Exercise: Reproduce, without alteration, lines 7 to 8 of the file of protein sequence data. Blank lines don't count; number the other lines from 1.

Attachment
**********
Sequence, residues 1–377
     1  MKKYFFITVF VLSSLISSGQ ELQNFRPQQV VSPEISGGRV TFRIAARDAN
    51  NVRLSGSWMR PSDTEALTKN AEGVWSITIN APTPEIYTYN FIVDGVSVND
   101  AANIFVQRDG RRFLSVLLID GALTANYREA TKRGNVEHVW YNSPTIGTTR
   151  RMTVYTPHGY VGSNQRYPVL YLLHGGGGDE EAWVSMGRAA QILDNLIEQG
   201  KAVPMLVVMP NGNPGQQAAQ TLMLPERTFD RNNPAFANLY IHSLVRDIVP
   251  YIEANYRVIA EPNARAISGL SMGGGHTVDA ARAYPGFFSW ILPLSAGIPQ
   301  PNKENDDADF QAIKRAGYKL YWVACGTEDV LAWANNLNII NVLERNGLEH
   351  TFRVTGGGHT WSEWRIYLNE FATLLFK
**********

   251  YIEANYRVIA EPNARAISGL SMGGGHTVDA ARAYPGFFSW ILPLSAGIPQ
   301  PNKENDDADF QAIKRAGYKL YWVACGTEDV LAWANNLNII NVLERNGLEH